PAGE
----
America’s S&P 500 and Nasdaq Composite indexes reached new all-time highs yesterday. Gains took the S&P past its peak set on September 20 last year; and the Nasdaq beyond the all-time high of August 29. The S&P 500 has risen 17% in 2019, its best start to a year since 1987. The indices reflect the steady improvement in US share prices which is based on growing optimism over corporate profits; that Donald Trump will secure a good deal on trade talks with China; and the cautious approach by the US Fed to raising interest rates. After a sharp fall towards the end of 2018, many predicted that the longest bull market in history was ending, but 2019 has been a different story and investors who exercised patience late last year are drawing the benefits.
South Africa’s state-owned power utility Eskom “isn’t on the brink of financial collapse” and the government has the problem “well under control,” according to Public Enterprises Minister Pravin Gordhan. Speaking yesterday on Talk Radio 702 Gordhan said “We have had an extreme financial difficulty as a result of state capture – the damage that has been caused has been huge. We understand what changes need to be made.” In February, the South African Government announced a R69bn bailout of Eskom spread over three years. The intention is to provide breathing space for the utility to split its operations into three units – production, transmission and distribution – ahead of the private sector being encouraged to enter as competitors in electricity production and sales.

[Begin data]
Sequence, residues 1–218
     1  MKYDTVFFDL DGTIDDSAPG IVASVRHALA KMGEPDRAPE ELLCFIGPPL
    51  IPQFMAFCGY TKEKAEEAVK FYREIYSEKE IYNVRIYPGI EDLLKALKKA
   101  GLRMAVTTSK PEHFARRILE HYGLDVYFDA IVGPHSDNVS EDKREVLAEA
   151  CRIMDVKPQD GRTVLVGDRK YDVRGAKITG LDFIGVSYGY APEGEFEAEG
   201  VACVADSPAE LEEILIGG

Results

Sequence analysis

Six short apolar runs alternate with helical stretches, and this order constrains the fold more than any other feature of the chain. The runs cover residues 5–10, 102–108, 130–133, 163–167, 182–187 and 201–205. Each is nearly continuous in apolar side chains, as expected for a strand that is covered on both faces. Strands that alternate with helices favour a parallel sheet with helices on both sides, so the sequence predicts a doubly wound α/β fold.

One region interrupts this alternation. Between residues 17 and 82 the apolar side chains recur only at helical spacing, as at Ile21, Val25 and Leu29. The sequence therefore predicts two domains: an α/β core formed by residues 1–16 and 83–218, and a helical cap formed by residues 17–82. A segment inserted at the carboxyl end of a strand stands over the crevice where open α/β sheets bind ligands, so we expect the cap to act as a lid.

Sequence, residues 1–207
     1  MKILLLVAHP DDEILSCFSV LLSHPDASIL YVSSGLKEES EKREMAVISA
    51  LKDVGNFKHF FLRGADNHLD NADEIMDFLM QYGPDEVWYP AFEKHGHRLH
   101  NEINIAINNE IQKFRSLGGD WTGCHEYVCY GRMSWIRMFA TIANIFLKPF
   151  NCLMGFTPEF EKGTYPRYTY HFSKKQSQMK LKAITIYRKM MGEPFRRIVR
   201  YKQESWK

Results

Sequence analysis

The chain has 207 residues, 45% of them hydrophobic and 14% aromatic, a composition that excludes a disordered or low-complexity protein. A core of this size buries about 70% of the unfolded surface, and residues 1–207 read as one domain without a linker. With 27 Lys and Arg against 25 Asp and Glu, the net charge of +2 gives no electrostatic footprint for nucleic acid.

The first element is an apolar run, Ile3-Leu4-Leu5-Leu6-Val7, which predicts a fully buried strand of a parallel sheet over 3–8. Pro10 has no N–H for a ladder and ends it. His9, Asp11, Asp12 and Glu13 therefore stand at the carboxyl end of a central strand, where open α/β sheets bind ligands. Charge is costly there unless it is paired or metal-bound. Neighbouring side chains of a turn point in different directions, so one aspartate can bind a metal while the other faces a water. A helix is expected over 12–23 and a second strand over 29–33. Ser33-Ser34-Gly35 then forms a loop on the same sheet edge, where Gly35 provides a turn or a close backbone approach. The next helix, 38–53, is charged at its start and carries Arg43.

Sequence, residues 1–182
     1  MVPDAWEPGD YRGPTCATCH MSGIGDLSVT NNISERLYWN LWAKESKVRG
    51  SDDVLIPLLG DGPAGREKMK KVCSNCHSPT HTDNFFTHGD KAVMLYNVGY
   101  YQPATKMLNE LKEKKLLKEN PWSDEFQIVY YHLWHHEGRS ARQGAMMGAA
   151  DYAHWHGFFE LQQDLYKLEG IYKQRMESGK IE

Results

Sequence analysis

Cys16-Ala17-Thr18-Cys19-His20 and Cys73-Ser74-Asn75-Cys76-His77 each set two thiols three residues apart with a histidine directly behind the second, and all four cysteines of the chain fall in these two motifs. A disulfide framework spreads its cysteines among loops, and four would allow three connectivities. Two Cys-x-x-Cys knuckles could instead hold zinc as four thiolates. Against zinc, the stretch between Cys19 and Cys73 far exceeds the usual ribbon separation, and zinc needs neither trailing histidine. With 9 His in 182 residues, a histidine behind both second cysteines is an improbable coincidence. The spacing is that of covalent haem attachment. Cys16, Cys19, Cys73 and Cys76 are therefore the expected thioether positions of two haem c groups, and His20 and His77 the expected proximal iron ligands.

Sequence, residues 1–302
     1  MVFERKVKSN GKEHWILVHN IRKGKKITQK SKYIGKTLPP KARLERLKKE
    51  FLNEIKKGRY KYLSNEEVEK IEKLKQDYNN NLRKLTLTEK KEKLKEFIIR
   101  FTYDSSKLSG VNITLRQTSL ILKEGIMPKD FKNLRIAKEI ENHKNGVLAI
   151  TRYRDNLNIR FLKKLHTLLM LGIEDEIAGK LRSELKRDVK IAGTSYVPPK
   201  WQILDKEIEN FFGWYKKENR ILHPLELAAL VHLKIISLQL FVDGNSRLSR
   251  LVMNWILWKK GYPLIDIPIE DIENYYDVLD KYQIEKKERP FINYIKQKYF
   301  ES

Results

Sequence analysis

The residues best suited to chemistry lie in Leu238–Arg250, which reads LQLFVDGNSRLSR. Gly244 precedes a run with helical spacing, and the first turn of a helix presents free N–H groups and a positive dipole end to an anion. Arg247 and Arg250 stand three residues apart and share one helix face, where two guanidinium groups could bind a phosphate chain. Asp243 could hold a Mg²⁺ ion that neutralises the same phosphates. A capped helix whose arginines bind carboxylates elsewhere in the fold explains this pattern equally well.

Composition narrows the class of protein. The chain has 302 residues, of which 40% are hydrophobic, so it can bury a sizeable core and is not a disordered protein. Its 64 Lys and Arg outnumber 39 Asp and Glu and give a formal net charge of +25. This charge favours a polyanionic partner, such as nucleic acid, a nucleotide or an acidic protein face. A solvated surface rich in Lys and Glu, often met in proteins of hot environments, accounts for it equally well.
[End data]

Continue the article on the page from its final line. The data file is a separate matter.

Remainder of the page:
The founder of Japan’s massive new-age focused venture capital fund Softbank lost more than $130m on a personal bitcoin bet he took when the cyber currency’s price peaked at $19,000 in December 2017. The London Financial Times reported yesterday that people close to the action confirmed that Masayoshi Son, founder of Softbank, lost more than $130m in a personal punt on bitcoin when he sold after the price tumbled. Bitcoin currently trades at around a quarter of its peak of 16 months ago. Son’s investment came around the time that it was completing a $3.3bn takeover of US money manager Fortress Investment Group whose co-chairman Peter Briger, a well-known bitcoin enthusiast, was among who recommended the cyber currency to the Japanese billionaire. Briger is still the principal at California-based Fortress, which manages $40bn in assets on behalf of investors.
South African share prices followed global markets higher yesterday, gaining half a percent overall with winning shares beating losers two to one. Chemicals group Omnia rebounded strongly, picking up 16% after being hit after a trading update ahead of the long weekend. It warned of a R1bn bottom line slump to a loss of R400m in the year to end March. Omnia’s price lifted after an announcement yesterday that the company has been supported by debt providers in its efforts to restructure borrowings to ensure sustainability of the business. It said there was no need for any unscheduled debt payment or recapitalisation of the business. Oceana Group, whose largest shareholder Tiger Brands recently announced an unbundling of its stock, was a feature among the losers, giving up 5%. Among the heavyweights, Gold Fields fared worst with a 5.5% price decline.
In today’s global business news headlines: America’s S&P 500 and Nasdaq Composite indexes reached new all-time highs yesterday. Gains took the S&P past its peak […]
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